From the leading party offices to the city Cathedral and the Curia residency, which is the body governing bishops – people all over Poland chose this route to march in protest against the recent judgment of the Polish Constitutional Court. 60 cities were protesting on Friday and many more joined on Saturday. Hundreds gathered in front of the home of conservative Polish leader Jaroslaw Kaczyński on Friday, with police deploying pepper spray against the protesters and even arresting 15 people. More protests were planned for Monday and all this in the midst of a pandemic that put the whole of Poland in the red zone.

This Thursday 22 October, the Polish Constitutional Tribunal looked into the legality of the so-called “abortion compromise” law and ruled that one of the previously permissable grounds for legal abortion was now illegal.  Poland already had one of the strictest abortion laws in Europe. But now, abortion requested on the grounds of the likelihood of a severe and irreversible fetal impairment or an incurable life threatening disease is now deemed unconstitutional and the law will be updated in a couple of days to reflect this ruling. As of now, Poland will only allow abortion in cases of rape, incest, or danger to the pregnant woman’s life, making the country one of the most hostile places in Europe for women’s reproductive rights. The law in Ireland, a country whose notoriously punishing abortion restrictions sent generations overseas to terminate their pregnancies, is now more permissive than in Poland. The ruling was politically led, as the government used the Tribunal, which is politicised and staffed with judges appointed illegally, instead of making the unpopular legal change themselves.

Poland’s populist government has been seeking to limit abortion availability in the country for years, and conservative MPs are already announcing they will be seeking further restrictions. This is combined with an organised restriction to access contraception methods, including some pharmacies refusing to honour medical prescriptions for the “morning after pill”. The ban also comes amidst increased criticism of the way the government was handling the pandemic, which included announcements from the Prime Minister this summer that the “disease left Poland”. The Catholic church and the ultra conservative, anti-women organisation Ordo Juris(1), also played an important role. 

It naturally brings forward the resemblance to the popular novel by Margaret Atwood (and currently award winning show) – Handmaid’s Tale. In a story about the authoritarian regime of Gilead forces, it’s women that bear the burden of society’s fertility issues, while male infertility is either ignored or dealt with in secrecy. While the book offers a hopefully only dystopian version of our civilisation, we are witnessing the degradation of the rule of law, democracy and common sense in Poland by ultra-conservative and authoritarian actors only concerned with keeping their grip on power. Poland is already stepping up efforts in the region to reject the 2011 Council of Europe Convention on combating violence against women and domestic violence, known as the Istanbul Convention, and potentially replace it with another treaty that seeks to boost the rights of ‘traditional families’ at the expense of LGBTI+ community. And already in May, the Polish parliament proposed to remove the legal obligation for medical facilities to refer patients to another facility if they refuse to provide abortion care based on personal beliefs, with potentially dramatic consequences for women, who may be unable to access care.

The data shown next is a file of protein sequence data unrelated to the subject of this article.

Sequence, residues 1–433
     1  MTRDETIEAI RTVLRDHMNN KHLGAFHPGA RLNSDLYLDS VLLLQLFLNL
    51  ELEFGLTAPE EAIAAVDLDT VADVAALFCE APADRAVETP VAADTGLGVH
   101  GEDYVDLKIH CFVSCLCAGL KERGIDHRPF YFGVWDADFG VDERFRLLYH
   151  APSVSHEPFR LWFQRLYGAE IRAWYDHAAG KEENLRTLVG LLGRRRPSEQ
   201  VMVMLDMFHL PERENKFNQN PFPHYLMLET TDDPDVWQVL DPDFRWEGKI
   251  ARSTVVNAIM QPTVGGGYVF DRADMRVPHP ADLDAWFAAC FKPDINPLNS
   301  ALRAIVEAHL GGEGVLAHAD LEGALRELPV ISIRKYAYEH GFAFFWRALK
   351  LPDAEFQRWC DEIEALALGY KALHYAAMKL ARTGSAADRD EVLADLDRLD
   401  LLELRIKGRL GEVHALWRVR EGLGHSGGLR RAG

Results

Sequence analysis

This ruling complements hatred campaigns against the LGBTI+ community and dismissing the EU consensus on gender equality and the protection of minorities from discrimination. COVID-19 rules also prohibit legal ways of protest, thus providing a cover to the government pushing through unpopular measures without scrutiny. Observing this from abroad, while living in Belgium, where the fact that the new Deputy Prime-Minister is transgender only made news abroad (as Belgians approached it very matter-of-factly), it is incomprehensible and heartbreaking. My daughter, sitting now next to me (and unfortunately doing a long run of Peppa Pig), was a wanted child in a financially stable family. We received free medical care and all necessary tests, we then received a spot in a nearby childcare facility, allowing us both to resume our work. While as every family we experience the inevitable juggling of sometimes too many balls in the air, we do feel there is a continuous state-level support for our family. There is also support for other choices – like women choosing to end a pregnancy for personal or medical reasons -, as well as easy access to contraception, early school sexual education, support to families caring for disabled children and many others that factor into whether a country is truly women-friendly. Not allowing women to make their own decisions with the support of medical professionals is not “family friendly” or “Christian”. It’s inhumane.

1 Ordo Juris- ultra conservative anti-choice organization trying to influence national and European legislation through legal expertise. Conservative Christian legal think tank providing legal analysis primarily on ECHR cases, but also to the Commission and to the OSCE.

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